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Airbus A320 crashed in Southern France

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Airbus A320 crashed in Southern France

Old 6th May 2015, 14:18
  #3241 (permalink)  
 
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Originally Posted by DB64 View Post
Is it not possible that rather than practising he was going to crash the aircraft but could not go through with it?
This was my thought too.
The change of attitude in his responses to an arrival brief that was noted right back at the beginning of the thread may have been when he decided to actually do it.

These were the first two flights after his period off duty during which it seems his girlfriend/fiancee had said she would leave.
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Old 6th May 2015, 14:45
  #3242 (permalink)  
 
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Is it also possible that this captain had a habit of leaving the cockpit? Is it normal to do so on both legs of a short trip?
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Old 6th May 2015, 15:11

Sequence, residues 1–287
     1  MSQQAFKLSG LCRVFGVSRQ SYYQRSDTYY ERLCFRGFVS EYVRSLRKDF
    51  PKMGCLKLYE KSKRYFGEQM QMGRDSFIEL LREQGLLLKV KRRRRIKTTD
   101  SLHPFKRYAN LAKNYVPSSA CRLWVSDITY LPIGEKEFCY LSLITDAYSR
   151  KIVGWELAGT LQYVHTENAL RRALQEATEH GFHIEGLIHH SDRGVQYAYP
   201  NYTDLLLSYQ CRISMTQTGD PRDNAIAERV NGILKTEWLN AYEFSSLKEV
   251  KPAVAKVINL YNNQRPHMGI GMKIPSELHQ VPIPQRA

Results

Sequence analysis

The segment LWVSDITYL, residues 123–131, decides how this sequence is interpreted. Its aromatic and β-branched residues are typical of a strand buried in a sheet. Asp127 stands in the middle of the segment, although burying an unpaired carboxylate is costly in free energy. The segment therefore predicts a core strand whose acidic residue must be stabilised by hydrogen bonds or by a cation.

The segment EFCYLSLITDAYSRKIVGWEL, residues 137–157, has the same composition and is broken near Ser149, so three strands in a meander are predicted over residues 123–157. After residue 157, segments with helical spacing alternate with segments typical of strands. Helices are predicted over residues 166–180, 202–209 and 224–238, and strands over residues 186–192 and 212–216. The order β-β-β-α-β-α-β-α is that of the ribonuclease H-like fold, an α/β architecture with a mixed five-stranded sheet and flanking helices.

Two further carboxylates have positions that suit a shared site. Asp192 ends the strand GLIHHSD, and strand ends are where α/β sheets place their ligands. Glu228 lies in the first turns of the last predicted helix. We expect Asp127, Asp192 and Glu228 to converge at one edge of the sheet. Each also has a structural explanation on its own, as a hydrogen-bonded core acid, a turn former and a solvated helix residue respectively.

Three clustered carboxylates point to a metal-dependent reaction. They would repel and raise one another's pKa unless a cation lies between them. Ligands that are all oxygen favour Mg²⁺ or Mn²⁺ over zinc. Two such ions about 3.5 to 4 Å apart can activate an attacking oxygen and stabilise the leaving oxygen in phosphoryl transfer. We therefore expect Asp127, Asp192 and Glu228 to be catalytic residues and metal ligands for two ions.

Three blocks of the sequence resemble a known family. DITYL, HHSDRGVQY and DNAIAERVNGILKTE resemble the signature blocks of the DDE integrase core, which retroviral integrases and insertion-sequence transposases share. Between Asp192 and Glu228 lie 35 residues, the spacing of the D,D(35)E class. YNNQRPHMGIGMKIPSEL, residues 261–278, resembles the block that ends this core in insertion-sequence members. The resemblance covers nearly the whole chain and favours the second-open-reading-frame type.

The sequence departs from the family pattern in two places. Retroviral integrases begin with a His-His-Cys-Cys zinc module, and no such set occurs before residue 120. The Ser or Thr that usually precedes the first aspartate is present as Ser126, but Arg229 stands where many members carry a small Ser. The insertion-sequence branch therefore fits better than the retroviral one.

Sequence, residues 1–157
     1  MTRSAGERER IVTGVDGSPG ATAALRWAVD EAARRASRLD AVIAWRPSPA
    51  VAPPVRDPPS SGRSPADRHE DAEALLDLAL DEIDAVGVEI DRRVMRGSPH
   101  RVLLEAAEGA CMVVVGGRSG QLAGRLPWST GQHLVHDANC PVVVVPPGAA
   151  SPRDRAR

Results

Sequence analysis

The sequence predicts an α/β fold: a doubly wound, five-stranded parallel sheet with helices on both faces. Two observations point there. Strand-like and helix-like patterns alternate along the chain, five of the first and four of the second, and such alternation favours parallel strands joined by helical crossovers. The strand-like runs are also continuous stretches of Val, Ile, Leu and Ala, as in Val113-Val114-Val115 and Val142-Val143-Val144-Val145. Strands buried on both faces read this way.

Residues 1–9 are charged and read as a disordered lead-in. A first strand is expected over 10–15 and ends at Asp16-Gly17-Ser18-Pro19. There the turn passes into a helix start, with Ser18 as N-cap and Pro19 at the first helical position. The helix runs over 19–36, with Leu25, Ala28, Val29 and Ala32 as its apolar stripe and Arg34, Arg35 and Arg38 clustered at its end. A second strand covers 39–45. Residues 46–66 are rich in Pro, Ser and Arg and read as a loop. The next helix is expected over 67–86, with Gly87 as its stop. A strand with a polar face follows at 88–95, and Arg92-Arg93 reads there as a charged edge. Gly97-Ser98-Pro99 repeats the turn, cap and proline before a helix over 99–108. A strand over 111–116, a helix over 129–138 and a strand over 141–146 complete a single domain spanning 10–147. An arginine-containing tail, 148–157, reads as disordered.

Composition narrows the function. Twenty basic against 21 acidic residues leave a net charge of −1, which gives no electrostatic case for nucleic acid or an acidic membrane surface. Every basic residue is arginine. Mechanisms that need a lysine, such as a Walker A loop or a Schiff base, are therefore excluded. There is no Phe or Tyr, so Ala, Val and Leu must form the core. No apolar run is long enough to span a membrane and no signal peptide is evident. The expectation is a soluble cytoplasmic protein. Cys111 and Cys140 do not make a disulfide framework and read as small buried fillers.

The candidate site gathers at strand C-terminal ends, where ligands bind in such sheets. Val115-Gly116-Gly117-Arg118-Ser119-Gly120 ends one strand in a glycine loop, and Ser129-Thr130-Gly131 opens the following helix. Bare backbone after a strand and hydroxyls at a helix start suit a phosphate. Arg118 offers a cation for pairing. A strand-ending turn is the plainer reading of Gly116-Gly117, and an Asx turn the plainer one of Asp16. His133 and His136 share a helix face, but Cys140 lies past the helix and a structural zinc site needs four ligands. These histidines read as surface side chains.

#3243 (permalink)  
 
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Is it normal to do so on both legs of a short trip?
Yes - perfectly normal
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Old 6th May 2015, 15:12
  #3244 (permalink)  
 
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Is it also possible that this captain had a habit of leaving the cockpit? Is it normal to do so on both legs of a short trip?
Hardly a question of habit or being "normal" but more one of when nature required it, least that's how it worked for me in 5 years of budget airline operation.
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Old 6th May 2015, 15:31
  #3245 (permalink)  
 
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I trust that the naysayers, the conspiracy theorists, the "here they go blaming the pilot again" brigade have sufficient evidence that they are wrong by now?